12. #12
    The Mad Smelter Susquehannock's Avatar
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    Yeah, I wasn't trying to say it was the cause of your problems Adragontattoo.

    I have however seen a few burned inverter posts where it finally came out that the
    modder did some screwy stuff. There was even a case lighting mod article, at a smaller
    site, where they spliced two CCFL fans into the inverter for dual 12" tubes. Seems I
    remember it was withdrawn a few weeks later. You can guess why.

  13. #13
    Member Gig-O-Ram's Avatar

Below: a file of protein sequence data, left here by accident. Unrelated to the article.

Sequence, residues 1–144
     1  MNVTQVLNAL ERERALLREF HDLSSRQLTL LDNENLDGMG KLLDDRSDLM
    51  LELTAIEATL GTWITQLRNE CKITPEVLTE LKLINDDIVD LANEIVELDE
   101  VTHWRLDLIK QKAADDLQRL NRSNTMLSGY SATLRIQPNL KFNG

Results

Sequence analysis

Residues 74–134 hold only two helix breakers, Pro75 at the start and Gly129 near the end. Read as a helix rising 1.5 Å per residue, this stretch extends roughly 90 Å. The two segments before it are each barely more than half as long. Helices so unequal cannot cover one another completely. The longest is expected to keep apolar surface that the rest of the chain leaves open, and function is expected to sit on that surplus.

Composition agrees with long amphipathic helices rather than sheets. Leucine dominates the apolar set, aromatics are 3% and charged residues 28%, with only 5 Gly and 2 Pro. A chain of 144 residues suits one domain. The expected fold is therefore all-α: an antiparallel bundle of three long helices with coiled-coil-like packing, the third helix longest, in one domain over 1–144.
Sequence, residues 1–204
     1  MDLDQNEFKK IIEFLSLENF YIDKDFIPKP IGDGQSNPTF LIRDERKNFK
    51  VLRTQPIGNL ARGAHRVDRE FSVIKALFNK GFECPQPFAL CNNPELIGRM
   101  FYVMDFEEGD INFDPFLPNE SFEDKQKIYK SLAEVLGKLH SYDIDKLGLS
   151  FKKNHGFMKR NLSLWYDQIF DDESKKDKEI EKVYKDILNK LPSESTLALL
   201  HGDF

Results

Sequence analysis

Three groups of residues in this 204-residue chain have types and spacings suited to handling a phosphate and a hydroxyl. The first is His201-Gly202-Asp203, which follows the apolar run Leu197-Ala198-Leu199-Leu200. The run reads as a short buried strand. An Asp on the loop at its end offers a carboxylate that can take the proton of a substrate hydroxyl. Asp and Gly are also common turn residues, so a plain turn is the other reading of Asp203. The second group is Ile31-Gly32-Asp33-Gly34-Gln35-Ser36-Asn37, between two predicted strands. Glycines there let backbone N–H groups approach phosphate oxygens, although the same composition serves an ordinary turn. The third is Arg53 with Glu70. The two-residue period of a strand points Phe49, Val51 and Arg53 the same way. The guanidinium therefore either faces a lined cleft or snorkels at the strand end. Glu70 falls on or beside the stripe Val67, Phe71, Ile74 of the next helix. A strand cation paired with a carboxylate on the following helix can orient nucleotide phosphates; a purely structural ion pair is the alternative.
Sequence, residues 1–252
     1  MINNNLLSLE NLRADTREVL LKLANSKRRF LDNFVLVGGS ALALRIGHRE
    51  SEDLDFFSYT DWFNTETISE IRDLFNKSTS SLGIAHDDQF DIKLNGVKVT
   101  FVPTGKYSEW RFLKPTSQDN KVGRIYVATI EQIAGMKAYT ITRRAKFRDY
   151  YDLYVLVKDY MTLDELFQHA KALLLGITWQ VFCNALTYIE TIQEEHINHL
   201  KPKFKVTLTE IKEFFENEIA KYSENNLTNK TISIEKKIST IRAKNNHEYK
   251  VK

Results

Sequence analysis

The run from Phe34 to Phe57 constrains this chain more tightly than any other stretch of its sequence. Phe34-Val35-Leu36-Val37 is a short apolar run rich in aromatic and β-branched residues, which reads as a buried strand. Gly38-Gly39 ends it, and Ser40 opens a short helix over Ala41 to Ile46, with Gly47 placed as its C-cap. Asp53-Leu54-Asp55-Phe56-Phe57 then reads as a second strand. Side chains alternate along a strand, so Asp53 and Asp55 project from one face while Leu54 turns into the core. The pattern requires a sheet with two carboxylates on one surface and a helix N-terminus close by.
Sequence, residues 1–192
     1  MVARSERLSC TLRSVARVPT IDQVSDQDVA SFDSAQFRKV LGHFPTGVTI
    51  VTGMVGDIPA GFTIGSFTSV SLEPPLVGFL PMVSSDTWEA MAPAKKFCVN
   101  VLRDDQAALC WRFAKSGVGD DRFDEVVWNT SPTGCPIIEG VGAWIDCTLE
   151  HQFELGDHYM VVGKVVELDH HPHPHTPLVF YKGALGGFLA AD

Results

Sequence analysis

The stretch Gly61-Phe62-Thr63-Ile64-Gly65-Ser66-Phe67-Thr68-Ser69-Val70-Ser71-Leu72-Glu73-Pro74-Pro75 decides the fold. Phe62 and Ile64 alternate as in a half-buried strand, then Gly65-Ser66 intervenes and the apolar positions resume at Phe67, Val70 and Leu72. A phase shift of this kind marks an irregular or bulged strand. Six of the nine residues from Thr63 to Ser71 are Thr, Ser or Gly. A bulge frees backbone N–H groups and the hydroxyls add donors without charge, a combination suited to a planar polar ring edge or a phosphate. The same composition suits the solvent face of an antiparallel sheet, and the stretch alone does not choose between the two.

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    Quote Originally Posted by Adragontattoo
    Sus my flameouts were from neither modding the inverter not powering too many lights.. I honestly think my problems came from a fluctuating PSU. Hence my plan on the next case of a second PSU solely for lights and fans.

    But yes modding the inverter or maxing the out the load on it is a bad idea and one of the things that you probably should NOT mod
    I don't think my PSU has any fluctuations, but it does seem to have some slight dipping going on with the rails, where the volts are just under where they should be, and I've noticed the more fans I plug in, there seems to be some power drop among all the fans. They all run, and when I turn the settings on the controller all the way up, the all respond as they should, but I'm beginning to think my PSU may not be the greatest, despite the 560W rating.